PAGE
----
An average of 88% of respondents said that devices were too expensive. This is a major stumbling block and one that—for the moment, anyway—is likely to inhibit adoption. Around 87% of Millennials, 88% of Generation X and 89% of Baby Boomers all cited that as the main reason for not investing in smart devices, with even 79% of early adopters seeing the cost of purchase as too high.

There are also concerns over how connected we want to be, with 71% of those surveyed saying that smart homes make it easier for hackers to steal data or personal information. Functionality is also a worry—70% of respondents didn’t believe that connected devices would perform basic tasks as well as non-connected devices.

Getting Through The Land Of Confusion

Bearing these numbers in mind, it is little wonder that the smart home landscape appears confused. Much of that can be attributed to how fragmented it appears to be to the average person, with the prevalence of different technologies and a multitude of apps being overshadowed by questions over how it makes life better.

For example, Gartner’s 2015 Hype Cycle for Connected Homes shows many of the devices currently being pushed towards consumers by tech companies and app developers are still in the Peak of Inflated Expectations, although at least connected homes themselves are still waiting for the innovation trigger. And a key word here is hype.

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Consumers have been expecting smart homes for so long that it seems that anything we get now is not what we really wanted. Think about the utopian worlds of science fiction—tech companies and innovators have learned from them and introduced devices that fit perfectly into how people envisioned the future. Successful devices enhance lives when adopted by the masses, but smart homes remain a niche market.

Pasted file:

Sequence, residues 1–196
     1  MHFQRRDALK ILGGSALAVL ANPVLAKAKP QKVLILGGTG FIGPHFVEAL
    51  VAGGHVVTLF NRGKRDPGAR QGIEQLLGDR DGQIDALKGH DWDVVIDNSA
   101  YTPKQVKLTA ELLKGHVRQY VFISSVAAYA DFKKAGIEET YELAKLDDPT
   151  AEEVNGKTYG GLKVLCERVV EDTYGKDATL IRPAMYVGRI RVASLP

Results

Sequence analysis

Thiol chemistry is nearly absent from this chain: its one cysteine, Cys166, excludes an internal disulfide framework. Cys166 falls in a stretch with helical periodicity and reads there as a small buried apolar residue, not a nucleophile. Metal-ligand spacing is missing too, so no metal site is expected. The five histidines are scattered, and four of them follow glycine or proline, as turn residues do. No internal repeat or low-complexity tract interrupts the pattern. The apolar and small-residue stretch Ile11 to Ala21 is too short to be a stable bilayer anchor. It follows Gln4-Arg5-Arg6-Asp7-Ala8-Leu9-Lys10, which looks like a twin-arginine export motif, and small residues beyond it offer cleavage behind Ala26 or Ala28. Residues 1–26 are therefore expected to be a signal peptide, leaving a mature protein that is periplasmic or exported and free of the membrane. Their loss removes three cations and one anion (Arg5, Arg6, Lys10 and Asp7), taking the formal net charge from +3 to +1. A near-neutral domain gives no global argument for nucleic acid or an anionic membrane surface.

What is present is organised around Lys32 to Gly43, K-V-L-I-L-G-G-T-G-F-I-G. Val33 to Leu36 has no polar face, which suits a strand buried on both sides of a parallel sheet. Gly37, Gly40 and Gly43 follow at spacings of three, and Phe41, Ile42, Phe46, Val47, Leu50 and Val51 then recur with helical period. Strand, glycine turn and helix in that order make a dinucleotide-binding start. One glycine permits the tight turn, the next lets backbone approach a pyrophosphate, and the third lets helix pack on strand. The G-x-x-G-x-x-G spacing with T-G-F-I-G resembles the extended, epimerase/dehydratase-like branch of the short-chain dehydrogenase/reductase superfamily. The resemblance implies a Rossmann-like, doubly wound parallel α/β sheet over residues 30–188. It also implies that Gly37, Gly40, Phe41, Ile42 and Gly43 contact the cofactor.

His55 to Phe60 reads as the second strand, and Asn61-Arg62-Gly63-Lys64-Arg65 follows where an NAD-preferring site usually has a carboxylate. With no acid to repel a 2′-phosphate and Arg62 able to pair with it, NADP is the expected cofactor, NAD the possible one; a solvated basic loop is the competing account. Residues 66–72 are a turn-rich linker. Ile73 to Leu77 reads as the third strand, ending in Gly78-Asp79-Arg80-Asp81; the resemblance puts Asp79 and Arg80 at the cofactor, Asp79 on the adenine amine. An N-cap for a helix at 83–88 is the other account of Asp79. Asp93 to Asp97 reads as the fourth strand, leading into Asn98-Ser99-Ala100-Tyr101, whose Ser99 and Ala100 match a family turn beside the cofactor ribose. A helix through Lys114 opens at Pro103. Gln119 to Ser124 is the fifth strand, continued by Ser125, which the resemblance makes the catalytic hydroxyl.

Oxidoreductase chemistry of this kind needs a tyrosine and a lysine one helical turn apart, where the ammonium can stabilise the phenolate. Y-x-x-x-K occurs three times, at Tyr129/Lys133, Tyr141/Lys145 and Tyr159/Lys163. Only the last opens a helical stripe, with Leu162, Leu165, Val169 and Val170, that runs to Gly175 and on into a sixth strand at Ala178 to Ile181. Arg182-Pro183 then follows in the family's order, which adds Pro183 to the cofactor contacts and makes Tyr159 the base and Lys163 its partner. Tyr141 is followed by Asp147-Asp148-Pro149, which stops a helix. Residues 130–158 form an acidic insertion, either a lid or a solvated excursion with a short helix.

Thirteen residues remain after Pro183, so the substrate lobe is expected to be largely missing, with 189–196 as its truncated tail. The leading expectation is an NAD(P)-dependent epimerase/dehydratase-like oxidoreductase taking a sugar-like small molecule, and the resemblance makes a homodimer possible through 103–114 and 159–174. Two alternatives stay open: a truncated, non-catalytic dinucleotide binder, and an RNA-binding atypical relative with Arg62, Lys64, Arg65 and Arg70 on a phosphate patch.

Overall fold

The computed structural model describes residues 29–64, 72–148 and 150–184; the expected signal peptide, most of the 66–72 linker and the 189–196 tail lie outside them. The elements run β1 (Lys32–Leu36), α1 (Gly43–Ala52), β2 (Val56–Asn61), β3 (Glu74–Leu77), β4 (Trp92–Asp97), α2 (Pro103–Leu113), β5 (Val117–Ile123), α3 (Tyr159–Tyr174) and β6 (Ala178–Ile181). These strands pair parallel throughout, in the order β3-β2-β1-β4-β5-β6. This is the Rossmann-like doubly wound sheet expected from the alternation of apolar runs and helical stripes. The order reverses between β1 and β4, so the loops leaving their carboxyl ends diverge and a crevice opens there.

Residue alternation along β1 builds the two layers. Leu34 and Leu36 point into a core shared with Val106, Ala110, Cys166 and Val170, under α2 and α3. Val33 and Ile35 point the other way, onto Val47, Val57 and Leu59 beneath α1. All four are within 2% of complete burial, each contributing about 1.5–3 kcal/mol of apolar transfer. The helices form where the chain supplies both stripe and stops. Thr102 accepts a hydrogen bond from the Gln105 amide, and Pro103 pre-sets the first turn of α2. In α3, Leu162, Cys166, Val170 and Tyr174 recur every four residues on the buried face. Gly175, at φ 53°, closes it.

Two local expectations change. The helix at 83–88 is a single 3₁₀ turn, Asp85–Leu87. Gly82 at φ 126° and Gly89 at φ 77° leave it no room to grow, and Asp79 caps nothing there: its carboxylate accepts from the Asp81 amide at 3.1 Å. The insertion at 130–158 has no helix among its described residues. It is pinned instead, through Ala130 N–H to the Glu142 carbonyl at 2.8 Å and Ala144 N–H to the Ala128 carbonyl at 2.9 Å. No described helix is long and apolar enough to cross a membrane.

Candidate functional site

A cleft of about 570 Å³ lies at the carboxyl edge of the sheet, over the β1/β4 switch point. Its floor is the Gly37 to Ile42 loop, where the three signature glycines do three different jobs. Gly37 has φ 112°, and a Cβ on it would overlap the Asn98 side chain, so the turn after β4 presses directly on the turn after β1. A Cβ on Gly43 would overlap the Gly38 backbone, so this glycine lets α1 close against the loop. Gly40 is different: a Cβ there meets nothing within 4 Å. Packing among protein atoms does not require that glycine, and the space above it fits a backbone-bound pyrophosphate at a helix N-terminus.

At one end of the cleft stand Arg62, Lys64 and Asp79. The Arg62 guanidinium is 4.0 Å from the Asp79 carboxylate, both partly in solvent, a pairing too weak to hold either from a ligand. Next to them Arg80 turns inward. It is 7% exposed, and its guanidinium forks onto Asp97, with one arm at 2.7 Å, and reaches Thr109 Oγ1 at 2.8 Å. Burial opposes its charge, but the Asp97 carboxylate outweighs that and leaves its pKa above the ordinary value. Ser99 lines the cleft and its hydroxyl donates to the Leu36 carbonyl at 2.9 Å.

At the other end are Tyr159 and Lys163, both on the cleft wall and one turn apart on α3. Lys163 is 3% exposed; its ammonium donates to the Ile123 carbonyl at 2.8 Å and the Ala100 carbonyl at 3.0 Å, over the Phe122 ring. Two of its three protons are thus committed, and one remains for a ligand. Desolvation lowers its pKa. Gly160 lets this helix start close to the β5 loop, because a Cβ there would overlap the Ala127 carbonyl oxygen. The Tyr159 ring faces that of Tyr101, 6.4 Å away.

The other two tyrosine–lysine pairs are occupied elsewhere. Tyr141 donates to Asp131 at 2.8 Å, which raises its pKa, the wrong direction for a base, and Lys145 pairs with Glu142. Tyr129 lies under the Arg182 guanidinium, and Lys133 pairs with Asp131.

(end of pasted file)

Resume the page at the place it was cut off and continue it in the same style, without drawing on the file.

The waters don’t get any clearer when we start thinking about what smart homes could actually do. The Harris Poll does highlight some of the smart device perks that people believe can improve their lives—saving money (91%), conserving energy (90%), safety (89%)—but the reality is that only 50% of respondents think that current devices actually save money. The same goes for energy conservation and safety; 59% say smart homes are energy efficient and 55% feel safe.

So the question is, what is the likelihood of smart homes becoming the de-facto residences of the future? The answer is that, at this precise moment in time, we don’t actually know.

Leveraging What We Already Have

The technology is there and tech companies are keen to tap into a consumer market that has experienced some growth in the last few years but it is not increasing at the same rate that devices are coming on to the market.

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Google, for example, has spent a lot of money in betting that the winds of change are coming to smart home adoption with Nest and now its Weave communication protocol and Google rarely bets on projects that it doesn’t think make life better for the majority of people. If a company as innovative as Google sees a future in smart homes, then it is likely that it will happen … when it happens is an ongoing discussion.

As we said above, the problem is not with the available technology but the willingness of people to use it. Smart homes are coming and more people will accept the potential benefits they bring to the table. The challenge for developers and smart home advocates is now to make sure that increased value is the defining factor in raising awareness.